I’ve been hearing a lot of hype recently about what’s known as the Raspberry Pi, but I don’t actually know what the heck one is. So I thought I’d take a closer look:

The Raspberry Pi is a credit card-sized gaming PC, with 256MB of RAM, and connection points for a TV, keyboard, 2x USB and ethernet cable. It has BluRay playback capability, and flows at 700Mhz… but it only weighs 45g. It literally is the size of a credit card. Wow. At £22, the Raspberry Pi is expected to flourish in the game designing world, especially with young, inexperienced designers who just want something easy to work with. It’s said to “inspire a new generation of gamers,” which will be interesting in a few years’ time.

Raspberry Pi’s mission is to get kids coding from a young age, because this will then take on a wider spectrum of industrial skill, such as visual arts, and banking. This little computer also processes spreadsheets and text documents, so doubles up as an academic processor, too. Powered by an SD card, the simple ‘plug-in, plug-out’ power system seems effective enough.

So what does this mean for gaming? Well in the last few years, important university people have been complaining about the lack of youngsters who take an interest in programming and computer science courses, and they blame it on the failure to articulate the importance of core subjects, like science and maths, in the creation of games, from a young age. Nowadays most young students look at maths as the devil reincarnate, yet a lot of them probably go home and switch on the PS3, without knowing that maths helped make it.

“Titles such as Dr. Kawashima’s Brain Training have in recent years inadvertently shown the valuable role video games can play in ‘stealth learning’, turning simple sums into an enjoyable activity. When my niece was eight, it was her favourite game because it made her homework easier.”

Johnny Minkley, GamesIndustry International

It’s been compared to the BBC Mirco, which was released 30 years beforehand. Technology writer Glyn Moody described the project in May 2011 as a “potential BBC Micro 2.0”, not by replacing PC compatible machines, but by supplementing them. Although the Raspberry Pi doesn’t actually play games itself, it certainly is a lot easier to transport than a laptop, and looks a lot less clunky when put next to an ordinary desktop combo. The GPU system inside is said to double the performance of the iPhone 4S, which gives some perspective on how powerful this little machine is. Imagine the potential Raspberry Pi could unlock, in a world of transforming technology, always trying to be smaller than the last version.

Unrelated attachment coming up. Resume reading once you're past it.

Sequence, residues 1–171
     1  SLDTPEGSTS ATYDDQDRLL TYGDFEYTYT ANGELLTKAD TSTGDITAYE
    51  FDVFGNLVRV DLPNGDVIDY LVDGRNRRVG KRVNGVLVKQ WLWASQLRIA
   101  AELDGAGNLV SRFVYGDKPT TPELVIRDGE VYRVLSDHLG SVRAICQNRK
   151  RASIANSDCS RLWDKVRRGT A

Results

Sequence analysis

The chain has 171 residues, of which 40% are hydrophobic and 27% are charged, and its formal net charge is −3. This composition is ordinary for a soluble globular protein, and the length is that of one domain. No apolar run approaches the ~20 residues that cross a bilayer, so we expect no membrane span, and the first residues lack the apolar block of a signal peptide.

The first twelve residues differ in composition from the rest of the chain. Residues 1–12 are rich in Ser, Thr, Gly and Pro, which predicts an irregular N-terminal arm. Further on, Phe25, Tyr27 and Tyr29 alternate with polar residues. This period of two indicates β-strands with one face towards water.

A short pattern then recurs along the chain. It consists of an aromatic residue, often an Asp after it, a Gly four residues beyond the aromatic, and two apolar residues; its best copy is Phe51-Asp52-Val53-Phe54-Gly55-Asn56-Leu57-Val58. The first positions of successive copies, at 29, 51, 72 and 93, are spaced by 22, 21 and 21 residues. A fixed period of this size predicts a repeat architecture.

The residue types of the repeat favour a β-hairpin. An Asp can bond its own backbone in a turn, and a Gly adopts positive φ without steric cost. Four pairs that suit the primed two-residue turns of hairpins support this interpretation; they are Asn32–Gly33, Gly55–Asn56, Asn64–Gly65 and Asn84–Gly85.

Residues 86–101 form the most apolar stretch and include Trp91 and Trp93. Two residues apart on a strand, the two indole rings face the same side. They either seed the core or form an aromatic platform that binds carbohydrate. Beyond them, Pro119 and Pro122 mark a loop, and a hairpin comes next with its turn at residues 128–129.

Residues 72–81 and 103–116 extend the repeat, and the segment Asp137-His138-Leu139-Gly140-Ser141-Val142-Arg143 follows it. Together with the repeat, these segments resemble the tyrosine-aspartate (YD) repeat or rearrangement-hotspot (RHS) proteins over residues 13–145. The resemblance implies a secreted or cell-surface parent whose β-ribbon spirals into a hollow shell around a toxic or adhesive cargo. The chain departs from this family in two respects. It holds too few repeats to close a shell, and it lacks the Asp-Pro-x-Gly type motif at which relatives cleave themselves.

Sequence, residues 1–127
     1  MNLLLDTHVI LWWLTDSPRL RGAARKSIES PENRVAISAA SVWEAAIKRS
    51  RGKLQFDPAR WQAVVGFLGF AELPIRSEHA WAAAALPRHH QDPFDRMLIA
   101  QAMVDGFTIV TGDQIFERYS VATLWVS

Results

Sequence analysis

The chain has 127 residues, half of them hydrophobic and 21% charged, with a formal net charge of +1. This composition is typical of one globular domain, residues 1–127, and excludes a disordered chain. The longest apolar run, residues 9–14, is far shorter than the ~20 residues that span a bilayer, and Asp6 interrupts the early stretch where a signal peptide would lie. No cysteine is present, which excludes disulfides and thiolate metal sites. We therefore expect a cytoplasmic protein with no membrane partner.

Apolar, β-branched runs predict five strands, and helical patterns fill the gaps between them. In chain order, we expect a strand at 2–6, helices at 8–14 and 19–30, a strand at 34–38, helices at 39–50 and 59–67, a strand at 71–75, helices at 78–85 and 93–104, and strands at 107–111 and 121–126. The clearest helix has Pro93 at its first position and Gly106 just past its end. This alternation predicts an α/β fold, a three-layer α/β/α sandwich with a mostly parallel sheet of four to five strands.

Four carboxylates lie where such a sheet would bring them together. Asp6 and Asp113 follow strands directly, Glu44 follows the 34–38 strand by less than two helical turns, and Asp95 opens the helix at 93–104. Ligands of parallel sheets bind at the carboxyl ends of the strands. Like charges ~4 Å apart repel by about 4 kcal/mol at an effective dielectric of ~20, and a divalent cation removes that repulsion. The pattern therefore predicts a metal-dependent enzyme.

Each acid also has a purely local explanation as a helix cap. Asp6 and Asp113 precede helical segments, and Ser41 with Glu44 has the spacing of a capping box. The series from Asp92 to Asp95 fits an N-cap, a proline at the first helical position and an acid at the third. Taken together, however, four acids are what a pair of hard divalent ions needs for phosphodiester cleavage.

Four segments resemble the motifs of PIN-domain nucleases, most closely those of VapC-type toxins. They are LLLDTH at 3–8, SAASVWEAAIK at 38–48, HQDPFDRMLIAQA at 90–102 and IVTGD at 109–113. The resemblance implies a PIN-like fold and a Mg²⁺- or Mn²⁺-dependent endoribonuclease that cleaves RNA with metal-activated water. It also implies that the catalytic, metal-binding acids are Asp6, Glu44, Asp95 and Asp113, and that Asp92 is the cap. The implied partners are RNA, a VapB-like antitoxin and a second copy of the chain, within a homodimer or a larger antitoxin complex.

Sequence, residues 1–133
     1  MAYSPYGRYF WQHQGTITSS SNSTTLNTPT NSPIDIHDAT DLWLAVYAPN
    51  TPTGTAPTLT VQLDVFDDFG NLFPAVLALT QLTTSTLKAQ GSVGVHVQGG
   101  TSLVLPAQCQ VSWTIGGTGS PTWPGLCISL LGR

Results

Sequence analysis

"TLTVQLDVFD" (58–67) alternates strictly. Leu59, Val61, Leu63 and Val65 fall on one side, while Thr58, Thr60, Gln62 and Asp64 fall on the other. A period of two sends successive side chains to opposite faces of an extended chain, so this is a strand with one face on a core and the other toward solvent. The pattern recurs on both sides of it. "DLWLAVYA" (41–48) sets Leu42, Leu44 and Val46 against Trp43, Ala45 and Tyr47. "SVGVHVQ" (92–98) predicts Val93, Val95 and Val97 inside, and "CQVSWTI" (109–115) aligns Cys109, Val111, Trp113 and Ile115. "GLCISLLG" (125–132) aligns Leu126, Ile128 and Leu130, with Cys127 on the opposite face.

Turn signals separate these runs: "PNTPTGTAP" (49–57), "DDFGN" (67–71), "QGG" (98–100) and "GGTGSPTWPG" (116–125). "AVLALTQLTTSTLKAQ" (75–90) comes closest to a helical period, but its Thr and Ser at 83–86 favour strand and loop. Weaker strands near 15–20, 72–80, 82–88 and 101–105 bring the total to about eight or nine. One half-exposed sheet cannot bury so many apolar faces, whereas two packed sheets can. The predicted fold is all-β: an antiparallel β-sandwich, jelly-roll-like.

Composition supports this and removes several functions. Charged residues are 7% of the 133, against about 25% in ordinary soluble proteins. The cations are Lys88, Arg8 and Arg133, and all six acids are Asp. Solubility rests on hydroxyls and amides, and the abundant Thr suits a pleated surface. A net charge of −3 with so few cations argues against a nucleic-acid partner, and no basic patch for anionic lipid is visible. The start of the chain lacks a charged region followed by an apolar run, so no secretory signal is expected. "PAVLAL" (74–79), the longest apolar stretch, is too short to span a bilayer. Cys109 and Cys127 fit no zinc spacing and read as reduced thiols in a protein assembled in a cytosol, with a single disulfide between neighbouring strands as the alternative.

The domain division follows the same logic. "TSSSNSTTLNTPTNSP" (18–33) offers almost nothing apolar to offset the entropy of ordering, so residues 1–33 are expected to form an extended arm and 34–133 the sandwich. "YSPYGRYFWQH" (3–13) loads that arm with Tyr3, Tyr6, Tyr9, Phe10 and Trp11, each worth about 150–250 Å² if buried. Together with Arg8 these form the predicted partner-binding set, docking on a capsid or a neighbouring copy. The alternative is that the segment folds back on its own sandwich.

You can now buy a 3D-printable case to go on your Raspberry Pi, that is, if you can get your hands on one. Demand for these little beauties is way over the supply rate at the moment, and the current batch is on a one-per-customer system, to fairly distribute. Beta versions are already going on ebay for thousands of dollars, because for some people, waiting to pay £35 dollars is just too painful. I expect there will soon be a small army of accessories available to the mass market, once the distribution problems are sorted.

Raspberry Pi model BBefore long, I think there will probably be competitions for kids to create their own coded games, encouraging the interest further yet. Everyone loves a good competition with prizes, and the accessibility of this product will be huge, once stocks improve. I’m actually really excited about this, and once I’m at university, with some spare time on my hands (Hah!), I may just get in line for my own Raspberry Pi, to have a go at gaming. It’ll probably overtake the whole flashdrive problem found in schools, where you try to open up your homework, or a presentation, and the school’s system doesn’t support it? Yeah, try using your own portable presentation just using their screens!

What a fantastic little invention. I wonder what’ll come next, and at the same time, dread to think.


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